XVI Corps (United Kingdom)
|Active||World War I|
|Part of||British Salonika Army|
British XVI Corps was formed in Salonika in January 1916 under Lieutenant General George Milne. Milne was starved of resources by Sir William Robertson who considered all operations outside the Western Front to be "side shows". The Corps Headquarters were at Kirechkoi to the east of Thessaloniki from January 1916 until the advance to the Struma in September 1916. From May 1916 it was one of two divisions within the British Salonika Army. The campaign developed into a battle for position with trenches and emplacements from which the General Officer Commanding (Lieutenant-General Charles Briggs) undertook limited actions to capture Bulgarian and Turkish positions in a river valley that was infested with mosquitos. British operations in the Balkans Campaign were costly: the allies lost over 7,000 troops at the Battle of Doiran in September 1918 alone.
Component units included:
British XVI Corps
Second World War
In World War II the British XVI Corps was notionally reformed as part of the British Twelfth Army, a fictitious formation created under Operation Cascade. The formation insignia was a phoenix arising from red flames and bearing a flaming torch in its mouth, on a white ground.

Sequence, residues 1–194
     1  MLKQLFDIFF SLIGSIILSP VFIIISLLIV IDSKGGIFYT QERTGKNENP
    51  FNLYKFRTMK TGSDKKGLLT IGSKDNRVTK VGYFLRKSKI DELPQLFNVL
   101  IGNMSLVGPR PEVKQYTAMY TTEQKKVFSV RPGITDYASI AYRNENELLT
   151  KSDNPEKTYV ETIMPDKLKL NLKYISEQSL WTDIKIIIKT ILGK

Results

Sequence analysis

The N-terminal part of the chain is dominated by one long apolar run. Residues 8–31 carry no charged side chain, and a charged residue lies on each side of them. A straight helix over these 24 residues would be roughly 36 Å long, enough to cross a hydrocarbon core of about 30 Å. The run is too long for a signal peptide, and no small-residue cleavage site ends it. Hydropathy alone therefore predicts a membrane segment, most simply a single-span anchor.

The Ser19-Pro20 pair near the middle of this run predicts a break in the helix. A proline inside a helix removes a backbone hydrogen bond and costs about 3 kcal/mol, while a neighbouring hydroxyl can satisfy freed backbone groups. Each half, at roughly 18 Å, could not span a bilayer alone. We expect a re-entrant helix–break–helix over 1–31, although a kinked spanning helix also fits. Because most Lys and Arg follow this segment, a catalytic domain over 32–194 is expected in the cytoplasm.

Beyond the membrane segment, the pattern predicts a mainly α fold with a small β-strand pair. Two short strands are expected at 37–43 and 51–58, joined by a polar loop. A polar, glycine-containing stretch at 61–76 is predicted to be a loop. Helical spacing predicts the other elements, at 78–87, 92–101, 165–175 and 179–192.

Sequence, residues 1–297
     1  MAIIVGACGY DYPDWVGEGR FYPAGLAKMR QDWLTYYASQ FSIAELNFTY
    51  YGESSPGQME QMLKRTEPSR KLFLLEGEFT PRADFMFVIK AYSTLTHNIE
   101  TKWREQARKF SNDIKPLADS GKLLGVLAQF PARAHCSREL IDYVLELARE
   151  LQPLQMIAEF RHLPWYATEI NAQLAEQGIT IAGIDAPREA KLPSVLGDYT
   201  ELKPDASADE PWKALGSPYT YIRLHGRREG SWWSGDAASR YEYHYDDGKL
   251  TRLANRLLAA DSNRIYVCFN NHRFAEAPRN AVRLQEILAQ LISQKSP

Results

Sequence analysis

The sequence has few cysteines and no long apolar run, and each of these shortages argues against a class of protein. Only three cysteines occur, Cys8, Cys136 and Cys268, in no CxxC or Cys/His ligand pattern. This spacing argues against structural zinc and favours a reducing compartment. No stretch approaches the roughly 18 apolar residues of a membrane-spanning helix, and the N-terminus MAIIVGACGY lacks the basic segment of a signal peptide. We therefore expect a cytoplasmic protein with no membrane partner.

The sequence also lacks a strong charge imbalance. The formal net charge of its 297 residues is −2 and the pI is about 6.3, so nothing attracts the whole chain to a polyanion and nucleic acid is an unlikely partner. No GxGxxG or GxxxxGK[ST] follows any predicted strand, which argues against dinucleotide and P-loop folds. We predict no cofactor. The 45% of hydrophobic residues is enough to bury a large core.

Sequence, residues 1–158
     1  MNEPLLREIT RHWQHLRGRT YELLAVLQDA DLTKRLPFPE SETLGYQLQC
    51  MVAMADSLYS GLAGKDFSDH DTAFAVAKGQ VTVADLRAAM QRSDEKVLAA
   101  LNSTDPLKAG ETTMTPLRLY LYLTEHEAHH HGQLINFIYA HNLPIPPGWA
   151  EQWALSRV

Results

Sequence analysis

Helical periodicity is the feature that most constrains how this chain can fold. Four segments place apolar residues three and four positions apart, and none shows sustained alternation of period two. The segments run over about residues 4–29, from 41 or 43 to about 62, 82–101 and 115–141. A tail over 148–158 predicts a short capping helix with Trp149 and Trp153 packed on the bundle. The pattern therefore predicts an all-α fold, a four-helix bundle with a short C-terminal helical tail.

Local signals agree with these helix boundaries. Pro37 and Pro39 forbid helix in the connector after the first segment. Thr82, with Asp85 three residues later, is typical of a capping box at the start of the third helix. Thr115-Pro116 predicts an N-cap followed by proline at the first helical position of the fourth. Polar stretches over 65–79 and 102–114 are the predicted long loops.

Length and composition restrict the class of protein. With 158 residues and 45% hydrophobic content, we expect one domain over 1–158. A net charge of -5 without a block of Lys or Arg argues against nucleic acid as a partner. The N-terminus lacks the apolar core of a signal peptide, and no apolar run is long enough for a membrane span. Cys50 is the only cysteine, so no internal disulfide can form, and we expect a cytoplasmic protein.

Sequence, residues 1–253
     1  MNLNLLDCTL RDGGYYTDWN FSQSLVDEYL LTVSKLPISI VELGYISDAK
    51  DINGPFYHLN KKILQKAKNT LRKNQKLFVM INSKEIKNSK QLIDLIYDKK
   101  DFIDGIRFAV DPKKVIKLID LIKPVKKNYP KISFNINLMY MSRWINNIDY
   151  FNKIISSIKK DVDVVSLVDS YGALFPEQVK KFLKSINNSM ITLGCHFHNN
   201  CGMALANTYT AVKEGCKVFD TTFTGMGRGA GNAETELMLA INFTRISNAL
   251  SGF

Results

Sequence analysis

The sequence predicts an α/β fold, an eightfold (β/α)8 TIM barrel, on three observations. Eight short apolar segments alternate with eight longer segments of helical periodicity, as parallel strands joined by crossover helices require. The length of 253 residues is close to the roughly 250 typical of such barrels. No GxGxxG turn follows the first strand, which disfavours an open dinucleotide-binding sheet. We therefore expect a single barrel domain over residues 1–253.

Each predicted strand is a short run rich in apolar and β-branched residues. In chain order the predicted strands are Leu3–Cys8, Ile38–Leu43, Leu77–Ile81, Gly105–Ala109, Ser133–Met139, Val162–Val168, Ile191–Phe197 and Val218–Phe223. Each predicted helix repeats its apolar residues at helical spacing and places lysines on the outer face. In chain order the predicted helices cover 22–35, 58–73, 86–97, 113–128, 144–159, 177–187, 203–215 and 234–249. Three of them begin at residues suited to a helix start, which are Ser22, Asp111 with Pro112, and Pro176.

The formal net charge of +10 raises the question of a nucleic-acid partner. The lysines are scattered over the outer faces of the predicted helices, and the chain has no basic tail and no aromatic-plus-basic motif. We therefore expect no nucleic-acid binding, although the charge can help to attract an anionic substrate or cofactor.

As initially created, the corps contained the following divisions in addition to the usual supporting troops:
- British 8th Armored Division (fictional)
- British 15th Motorized Division (fictional)
- British 34th Infantry Division (fictional)
General Officers Commanding
- January 1916 - May 1916 Lieutenant-General George Milne
- May 1916 - November 1918 Lieutenant-General Charles Briggs
- The British Corps of 1914-1918
- Heathcote, T.A., p.210
- Ashtead War Memorials Leatherhead Local History
- Stramash on the Struma 1919 Archived 4 October 2010 at the Wayback Machine.
- Wakefield and Moody, p.217
- Alan Wakefield & Simon Moody, Under the Devil's Eye: Britain's Forgotten Army at Salonika 1915–1918, Stroud: Sutton Publishing (2004).
- Thaddeus Holt. The Deceivers: Allied Military Deception in the Second World War. Phoenix. 2005. ISBN 0-7538-1917-1
- Who's who in World War One By J. M. Bourne, p.38
- Heathcote, T.A. (1999). The British Field Marshals 1736-1997. Pen & Sword Books Ltd. ISBN 0-85052-696-5
- Alan Wakefield, Simon Moody, Under the Devil's Eye; Britain's Forgotten Army in Salonika, 1915-1918. ISBN 0-7509-3537-5